Most people forget that when they download an app or sign into a website with Facebook, they are giving those companies a look into their Facebook profile. Your profile can often include your email address and phone number as well as your work history and current location. And most people don't realize that if you're sharing that data with friends, then apps used by those friends can see that data as well!


How a failed education startup turned into Musical.ly, the most popular app you've probably never heard of

Unless you live with a teenager, you've probably never heard of Musical.ly.

If you do, then you've probably already appeared in one of your kid's music videos.

The DIY music video app first came on the scene in 2014, but exploded to the top of the App Store charts last summer. It hasn't fallen below the top 40 since. Often, it's swapping top places in the app store with Snapchat and Instagram.

The 15-second videos are typically people lip-syncing or dancing to some of the top hits. More recently, Musical.ly stars have started launching their own careers, and traditional music stars, like Jason DeRulo, are now pledging to debut their videos on the platform first, a coup over YouTube.

Today, more than 10 million people use the app daily and produce around the same number of videos every single day. All in, 70 million people have registered as Musical.ly users, says its cofounder and co-CEO Alex Zhu.


How Amazon CEO Jeff Bezos has inspired people to change the way they think about failure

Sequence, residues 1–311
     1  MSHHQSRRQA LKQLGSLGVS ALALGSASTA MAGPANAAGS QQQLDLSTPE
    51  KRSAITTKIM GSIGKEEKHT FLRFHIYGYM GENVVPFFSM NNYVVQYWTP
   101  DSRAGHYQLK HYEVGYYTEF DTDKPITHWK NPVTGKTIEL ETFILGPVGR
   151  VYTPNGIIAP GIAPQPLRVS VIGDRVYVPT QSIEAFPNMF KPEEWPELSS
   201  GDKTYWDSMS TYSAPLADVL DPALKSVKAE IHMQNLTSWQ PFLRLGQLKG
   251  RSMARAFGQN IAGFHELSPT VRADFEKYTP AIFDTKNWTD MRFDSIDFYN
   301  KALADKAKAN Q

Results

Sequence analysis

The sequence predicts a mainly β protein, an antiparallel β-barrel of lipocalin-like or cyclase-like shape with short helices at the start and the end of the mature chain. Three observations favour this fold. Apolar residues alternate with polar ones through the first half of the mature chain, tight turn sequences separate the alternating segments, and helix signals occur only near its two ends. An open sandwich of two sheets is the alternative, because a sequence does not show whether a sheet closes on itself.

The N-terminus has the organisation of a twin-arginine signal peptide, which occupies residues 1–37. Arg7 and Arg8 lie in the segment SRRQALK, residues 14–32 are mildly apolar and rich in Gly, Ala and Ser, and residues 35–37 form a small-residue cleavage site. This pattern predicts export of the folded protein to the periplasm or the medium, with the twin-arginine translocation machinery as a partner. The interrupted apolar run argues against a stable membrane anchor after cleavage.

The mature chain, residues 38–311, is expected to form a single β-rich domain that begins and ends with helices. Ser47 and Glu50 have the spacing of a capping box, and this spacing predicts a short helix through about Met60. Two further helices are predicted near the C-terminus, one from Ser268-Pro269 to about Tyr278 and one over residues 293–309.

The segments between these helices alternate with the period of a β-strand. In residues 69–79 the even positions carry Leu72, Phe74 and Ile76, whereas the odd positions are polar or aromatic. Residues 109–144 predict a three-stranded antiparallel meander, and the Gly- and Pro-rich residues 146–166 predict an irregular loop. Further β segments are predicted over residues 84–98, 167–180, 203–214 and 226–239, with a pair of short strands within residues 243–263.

Amazon CEO Jeff Bezos is one of the most successful business moguls in the world. 

But he wouldn't be there if he didn't embrace "failure" the way he has over the years.

Here's a look at all the different ways Bezos encouraged failure at Amazon — and it will change the way you think about failure too:

Disclosure: Jeff Bezos is an investor in Business Insider through his personal investment company Bezos Expeditions.

Bezos is a big fan of failure. It's because he believes failed experiments are a necessary evil to creating successful inventions. He says failure and inventions are "inseparable twins." "To invent you have to experiment, and if you know in advance that it’s going to work, it’s not an experiment. Most large organizations embrace the idea of invention, but are not willing to suffer the string of failed experiments necessary to get there," Bezos wrote in Amazon's most recent annual shareh...

Why chatbots should be more like R2D2 than C3PO, and other lessons for Silicon Valley's hottest trend

Bots are hot in Silicon Valley. 

Everyone's obsessed with "conversation as a platform," or the idea that you should be able to interact with a service with natural language, spoken or written, instead of in the traditional click-an-icon way you'd interact with a computer. 


The answer to millennials' biggest money worry might have something to do with Candy Crush

It's tough to be a millennial. 

The amount of student debt is skyrocketing and the number of young homeowners is cratering.

Young people today aren't earning as much money as their parents did when they were young. 

All those challenges have contributed to a startling statistic: millennial men are more likely to live with their parents than with a spouse or partner

That makes investing difficult;


YouTube star wakeboarded the canals of Amsterdam wearing a tuxedo

Remember the guy who snowboarded through the empty streets of New York City during Winter Storm Jonas?

YouTube star Casey Neistat's latest stunt involved wakeboarding through the canals of Amsterdam behind a jet-ski ... and he did it wearing a tuxedo.

With just one day of training — he'd never been on a wakeboard until the day before the video was shot — Neistat donned a tux over a life jacket and wetsuit, and hit the canals just after sunrise.

He didn't run into any problems while filming, but was stopped later in the day by officials who had seen the